Holy messages have dignified humanity. For example, the Bible acknowledges man as God’s special creation, as it says that God created man in his image (Genesis 9:6), and the Quran holds man in great esteem, as man is recognized as a successor, a viceroy of God on earth (2:30).

Equity, justice, and benevolence are commanded in all religions. The golden rule in all revelations was, “Do unto others as you wish others would do unto you.” In Islam, Prophet Muhammad transferred this law into another realm of ethics when he said, “None of you has faith until he loves for his brother what he loves for himself.” [1]

And Jesus went beyond the golden rule by saying, “But to you who are listening I say, love your enemies! Do good to those who hate you.” [2]

Religions teach that one should not discriminate based on race, gender, cultural background, or social standing. The Prophet of Islam was the first leader to establish a society that is based on a fair constitution (the Charter of Medina), the provisions of which was founded on the teachings of Islam. Moses and Jesus, before Muhammad, had professed the same values. The Charter of Medina (622 C.E) included the freedom of expression, freedom of religion, respect for women, prohibiting of racial discrimination, and even the protection of the environment.

Does the Universal Declaration of Human Rights make any difference?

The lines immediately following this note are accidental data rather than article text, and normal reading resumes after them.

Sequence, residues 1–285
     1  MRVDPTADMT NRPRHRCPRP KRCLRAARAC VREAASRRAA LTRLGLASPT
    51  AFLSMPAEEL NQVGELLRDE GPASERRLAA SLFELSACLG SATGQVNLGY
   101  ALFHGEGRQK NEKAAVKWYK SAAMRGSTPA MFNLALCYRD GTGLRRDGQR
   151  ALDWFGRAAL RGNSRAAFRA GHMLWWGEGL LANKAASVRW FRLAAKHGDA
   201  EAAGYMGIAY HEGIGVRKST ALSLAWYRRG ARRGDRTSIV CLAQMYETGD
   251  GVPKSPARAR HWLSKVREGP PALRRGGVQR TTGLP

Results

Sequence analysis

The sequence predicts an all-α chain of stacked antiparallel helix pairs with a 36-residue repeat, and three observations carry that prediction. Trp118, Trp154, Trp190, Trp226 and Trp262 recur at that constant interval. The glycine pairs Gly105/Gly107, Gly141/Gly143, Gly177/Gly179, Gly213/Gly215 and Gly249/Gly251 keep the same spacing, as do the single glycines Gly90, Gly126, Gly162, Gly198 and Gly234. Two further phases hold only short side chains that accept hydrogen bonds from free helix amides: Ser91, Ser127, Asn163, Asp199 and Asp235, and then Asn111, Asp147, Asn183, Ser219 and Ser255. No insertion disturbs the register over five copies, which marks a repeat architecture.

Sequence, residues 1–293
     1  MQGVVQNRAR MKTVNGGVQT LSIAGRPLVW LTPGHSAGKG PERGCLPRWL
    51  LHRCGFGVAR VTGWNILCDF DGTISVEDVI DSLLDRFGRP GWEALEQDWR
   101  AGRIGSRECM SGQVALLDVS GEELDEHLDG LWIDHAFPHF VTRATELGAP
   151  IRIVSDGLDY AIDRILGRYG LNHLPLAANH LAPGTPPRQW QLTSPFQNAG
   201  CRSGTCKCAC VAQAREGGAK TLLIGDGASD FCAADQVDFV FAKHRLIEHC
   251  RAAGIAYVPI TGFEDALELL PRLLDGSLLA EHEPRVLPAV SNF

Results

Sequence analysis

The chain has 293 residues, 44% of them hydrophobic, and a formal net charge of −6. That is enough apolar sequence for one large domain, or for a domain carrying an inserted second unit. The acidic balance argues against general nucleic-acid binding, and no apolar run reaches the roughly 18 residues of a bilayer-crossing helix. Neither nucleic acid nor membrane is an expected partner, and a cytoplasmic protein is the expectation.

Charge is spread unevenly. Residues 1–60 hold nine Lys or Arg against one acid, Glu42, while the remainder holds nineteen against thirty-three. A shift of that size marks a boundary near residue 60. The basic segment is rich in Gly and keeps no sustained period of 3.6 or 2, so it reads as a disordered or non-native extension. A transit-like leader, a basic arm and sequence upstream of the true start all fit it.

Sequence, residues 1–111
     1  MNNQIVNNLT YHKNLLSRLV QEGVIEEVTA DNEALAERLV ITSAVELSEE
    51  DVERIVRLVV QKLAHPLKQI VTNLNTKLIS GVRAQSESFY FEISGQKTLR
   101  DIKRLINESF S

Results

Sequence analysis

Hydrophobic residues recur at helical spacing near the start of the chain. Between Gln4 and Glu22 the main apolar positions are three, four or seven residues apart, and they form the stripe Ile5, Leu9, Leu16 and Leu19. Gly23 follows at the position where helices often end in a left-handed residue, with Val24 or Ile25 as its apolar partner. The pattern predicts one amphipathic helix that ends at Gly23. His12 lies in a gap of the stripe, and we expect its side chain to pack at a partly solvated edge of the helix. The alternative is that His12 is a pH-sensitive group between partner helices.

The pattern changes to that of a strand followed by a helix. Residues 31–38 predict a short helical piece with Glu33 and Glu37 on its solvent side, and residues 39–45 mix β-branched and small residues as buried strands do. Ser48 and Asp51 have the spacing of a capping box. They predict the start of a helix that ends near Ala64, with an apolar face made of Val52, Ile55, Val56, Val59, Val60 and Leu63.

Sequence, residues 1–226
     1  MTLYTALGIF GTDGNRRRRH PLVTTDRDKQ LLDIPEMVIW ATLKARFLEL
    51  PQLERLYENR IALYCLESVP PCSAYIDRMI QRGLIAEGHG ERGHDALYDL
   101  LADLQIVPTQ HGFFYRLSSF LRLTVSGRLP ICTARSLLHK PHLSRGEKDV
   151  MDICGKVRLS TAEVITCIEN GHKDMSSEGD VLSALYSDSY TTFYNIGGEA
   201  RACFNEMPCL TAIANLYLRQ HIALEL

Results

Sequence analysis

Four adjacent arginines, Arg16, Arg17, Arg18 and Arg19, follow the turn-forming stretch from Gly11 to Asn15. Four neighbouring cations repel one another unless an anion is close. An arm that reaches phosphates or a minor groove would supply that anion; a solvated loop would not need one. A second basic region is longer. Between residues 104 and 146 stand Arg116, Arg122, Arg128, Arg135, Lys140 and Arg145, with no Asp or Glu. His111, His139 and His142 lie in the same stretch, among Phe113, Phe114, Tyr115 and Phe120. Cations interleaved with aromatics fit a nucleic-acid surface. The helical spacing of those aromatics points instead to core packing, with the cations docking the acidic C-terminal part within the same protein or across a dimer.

Today sufferings and devastations are becoming more noticeable due to human rights violations. Here are a few out of many:

1. Sadly, in the very same year that the Declaration of Human Rights was made, a huge transgression and injustice to a whole nation occurred when the Israelis occupied the Palestinian land by force in 1948 and again in 1967. This took place despite the fact that it is illegal under international law to acquire land by force. Although the Israeli approach was identical to that of the despised ISIS; they both used religion to wage wars and kill innocent people. However, the world was silent regarding the Israeli assault, and Palestinians were left to suffer the consequences. Since then, discrimination, unsettlement, attacks, confiscation of land, and torture of the Palestinian nation has occurred, and to this day has not been resolved.

2. A UNICEF report revealed that in the second quarter of 2013, seven hundred Palestinian children aged 12-17 were arrested by Israeli military and police in the occupied West Bank. These poor children were subjected to solitary confinement, threats of death and sexual assault. [3]


3. The Massacres in Bosnia, which continued from 1992 to 1995, resulted in the slaughter of at least 7,800 Bosnians, and the disappearance of thousands of people whose destinies remain unknown to date, and the perpetrators remain free. [4]

4. Burma committed ethnic cleansing against thousands of Rohingya Muslims; 28 children hacked to death and mass graves uncovered. [5]

5. Approximately 1,500 excess deaths occur each week in the internally displaced person camps in Uganda. According to the World Health Organization, 500,000 have died in these camps. [6]